A DeSoto County (La.) sheriff’s dispatcher was suspended for three days without pay after failing to properly relay information to deputies, who were pursuing a car they believed had been involved in a shooting. Sheriff Rodney Arbuckle didn’t name the radio dispatcher or say exactly how the mistake was made. He did say that a man burning trash was singed when he added gasoline to the fire. The flare-up also created a loud noise that nearby game wardens believed was gunfire. When the wardens arrived to investigate, they saw a vehicle speeding away, and began a pursuit. However, the vehicle was being driven by the homeowner, Donna Craig, who was speeding the man to a nearby hospital. She had called 911 for help, but then decided not to wait for an ambulance. The wardens and deputies chased the vehicle until it turned into the hospital’s ER driveway. At that same moment the 911 calltaker, in a separate building, relayed to the sheriff’s radio dispatcher that the vehicle was not involved in a shooting, but didn’t provide a vehicle description. Seconds later, Craig got out of the car and was tackled by deputies and briefly detained in handcuffs. E911 manager Bruce Vanderhoeven said he didn’t discipline any 911 employees, but has instructed dispatchers to obtain full vehicle descriptions for future medical transports by citizens. The deputy who detained Craig resigned, and another deputy received a five-day suspension without pay. Read the full story here.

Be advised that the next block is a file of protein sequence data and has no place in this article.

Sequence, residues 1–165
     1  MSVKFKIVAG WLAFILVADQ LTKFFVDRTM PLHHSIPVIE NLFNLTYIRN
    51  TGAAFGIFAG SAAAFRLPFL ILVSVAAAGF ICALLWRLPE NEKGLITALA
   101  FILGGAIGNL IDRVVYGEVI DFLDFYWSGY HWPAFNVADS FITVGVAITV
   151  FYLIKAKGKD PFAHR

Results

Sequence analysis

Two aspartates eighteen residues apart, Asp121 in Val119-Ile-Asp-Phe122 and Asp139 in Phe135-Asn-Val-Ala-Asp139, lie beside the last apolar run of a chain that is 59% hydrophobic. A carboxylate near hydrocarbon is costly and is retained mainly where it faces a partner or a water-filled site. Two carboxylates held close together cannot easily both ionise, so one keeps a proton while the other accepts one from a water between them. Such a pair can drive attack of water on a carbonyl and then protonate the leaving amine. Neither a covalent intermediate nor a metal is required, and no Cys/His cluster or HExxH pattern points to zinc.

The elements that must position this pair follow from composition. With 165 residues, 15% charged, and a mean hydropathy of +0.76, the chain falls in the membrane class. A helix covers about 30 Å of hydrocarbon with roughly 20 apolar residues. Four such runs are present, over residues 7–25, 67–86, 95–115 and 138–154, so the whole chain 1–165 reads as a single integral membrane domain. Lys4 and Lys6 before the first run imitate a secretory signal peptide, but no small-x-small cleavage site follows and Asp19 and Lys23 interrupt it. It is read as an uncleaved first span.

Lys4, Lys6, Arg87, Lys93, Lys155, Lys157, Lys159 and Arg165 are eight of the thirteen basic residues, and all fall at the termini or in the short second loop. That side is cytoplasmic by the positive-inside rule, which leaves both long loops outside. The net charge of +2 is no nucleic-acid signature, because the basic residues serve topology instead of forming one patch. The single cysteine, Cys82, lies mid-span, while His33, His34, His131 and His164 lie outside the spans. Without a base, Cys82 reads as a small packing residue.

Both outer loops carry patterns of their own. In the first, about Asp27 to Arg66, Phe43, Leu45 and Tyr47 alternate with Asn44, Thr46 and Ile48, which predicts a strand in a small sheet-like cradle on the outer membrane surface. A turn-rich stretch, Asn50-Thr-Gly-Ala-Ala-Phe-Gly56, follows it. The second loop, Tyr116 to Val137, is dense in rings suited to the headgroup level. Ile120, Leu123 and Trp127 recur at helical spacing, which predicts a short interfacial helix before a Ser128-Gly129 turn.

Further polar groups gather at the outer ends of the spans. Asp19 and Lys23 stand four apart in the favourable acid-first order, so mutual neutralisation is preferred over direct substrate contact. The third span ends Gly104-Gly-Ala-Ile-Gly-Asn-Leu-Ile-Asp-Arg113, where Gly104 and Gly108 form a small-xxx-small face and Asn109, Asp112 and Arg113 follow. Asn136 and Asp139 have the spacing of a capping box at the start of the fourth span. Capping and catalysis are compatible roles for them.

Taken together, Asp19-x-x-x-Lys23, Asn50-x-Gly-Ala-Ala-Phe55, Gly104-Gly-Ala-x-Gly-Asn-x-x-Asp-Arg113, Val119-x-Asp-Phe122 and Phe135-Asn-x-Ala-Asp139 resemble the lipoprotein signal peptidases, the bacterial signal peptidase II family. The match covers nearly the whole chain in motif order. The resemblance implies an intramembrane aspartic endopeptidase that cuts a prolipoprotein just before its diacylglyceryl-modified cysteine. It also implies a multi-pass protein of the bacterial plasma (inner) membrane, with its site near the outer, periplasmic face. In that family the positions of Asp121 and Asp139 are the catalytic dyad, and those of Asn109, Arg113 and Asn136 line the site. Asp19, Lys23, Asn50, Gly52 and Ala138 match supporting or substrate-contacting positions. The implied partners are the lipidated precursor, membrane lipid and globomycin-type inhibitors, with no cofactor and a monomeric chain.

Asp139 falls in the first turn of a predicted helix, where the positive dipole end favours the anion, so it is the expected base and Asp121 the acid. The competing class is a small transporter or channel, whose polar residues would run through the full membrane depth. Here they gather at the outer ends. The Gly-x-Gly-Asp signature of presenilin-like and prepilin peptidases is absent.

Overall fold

Two recent news articles on the subject of local 911 systems have raised an obvious question: exactly why would anyone spend billions of dollars to build an entirely new electronic network to carry emergency information from the public to PSAPs? According to both of the articles, the goal of a nationwide Next Generation 911 (NG911) network would be to transmit text messages and video to dispatchers—that’s it. For some reason, those are the only two features that comm center managers and tech providers have latched onto, and are promoting to the public when asking for funds to upgrade their systems. read more